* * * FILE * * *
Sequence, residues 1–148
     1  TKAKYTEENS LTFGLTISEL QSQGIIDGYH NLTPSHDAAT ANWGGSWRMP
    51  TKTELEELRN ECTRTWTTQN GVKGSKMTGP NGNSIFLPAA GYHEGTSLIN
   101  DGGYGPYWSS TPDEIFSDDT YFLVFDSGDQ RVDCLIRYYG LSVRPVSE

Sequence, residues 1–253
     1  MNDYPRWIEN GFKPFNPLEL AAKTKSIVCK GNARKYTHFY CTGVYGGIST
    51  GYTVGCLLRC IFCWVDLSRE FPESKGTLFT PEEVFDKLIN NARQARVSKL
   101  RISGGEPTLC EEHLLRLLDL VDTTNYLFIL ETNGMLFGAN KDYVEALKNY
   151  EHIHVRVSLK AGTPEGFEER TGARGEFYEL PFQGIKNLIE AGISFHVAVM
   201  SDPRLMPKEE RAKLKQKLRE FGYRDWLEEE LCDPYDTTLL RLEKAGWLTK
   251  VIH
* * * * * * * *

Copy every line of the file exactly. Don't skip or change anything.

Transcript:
Sequence, residues 1–148
     1  TKAKYTEENS LTFGLTISEL QSQGIIDGYH NLTPSHDAAT ANWGGSWRMP
    51  TKTELEELRN ECTRTWTTQN GVKGSKMTGP NGNSIFLPAA GYHEGTSLIN
   101  DGGYGPYWSS TPDEIFSDDT YFLVFDSGDQ RVDCLIRYYG LSVRPVSE

Sequence, residues 1–253
     1  MNDYPRWIEN GFKPFNPLEL AAKTKSIVCK GNARKYTHFY CTGVYGGIST
    51  GYTVGCLLRC IFCWVDLSRE FPESKGTLFT PEEVFDKLIN NARQARVSKL
   101  RISGGEPTLC EEHLLRLLDL VDTTNYLFIL ETNGMLFGAN KDYVEALKNY
   151  EHIHVRVSLK AGTPEGFEER TGARGEFYEL PFQGIKNLIE AGISFHVAVM
   201  SDPRLMPKEE RAKLKQKLRE FGYRDWLEEE LCDPYDTTLL RLEKAGWLTK
   251  VIH